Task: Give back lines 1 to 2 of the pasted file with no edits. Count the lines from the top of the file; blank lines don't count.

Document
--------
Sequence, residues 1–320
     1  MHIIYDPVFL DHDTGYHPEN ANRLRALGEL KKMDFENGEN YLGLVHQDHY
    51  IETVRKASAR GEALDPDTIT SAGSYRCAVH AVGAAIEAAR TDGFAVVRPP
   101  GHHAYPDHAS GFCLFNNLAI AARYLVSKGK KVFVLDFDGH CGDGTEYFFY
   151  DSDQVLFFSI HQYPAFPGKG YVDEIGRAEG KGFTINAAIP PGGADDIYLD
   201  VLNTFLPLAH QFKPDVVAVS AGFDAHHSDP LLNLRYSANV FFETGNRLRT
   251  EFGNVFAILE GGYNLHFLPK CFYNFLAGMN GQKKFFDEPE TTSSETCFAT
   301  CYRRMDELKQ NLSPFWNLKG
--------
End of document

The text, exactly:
Sequence, residues 1–320
     1  MHIIYDPVFL DHDTGYHPEN ANRLRALGEL KKMDFENGEN YLGLVHQDHY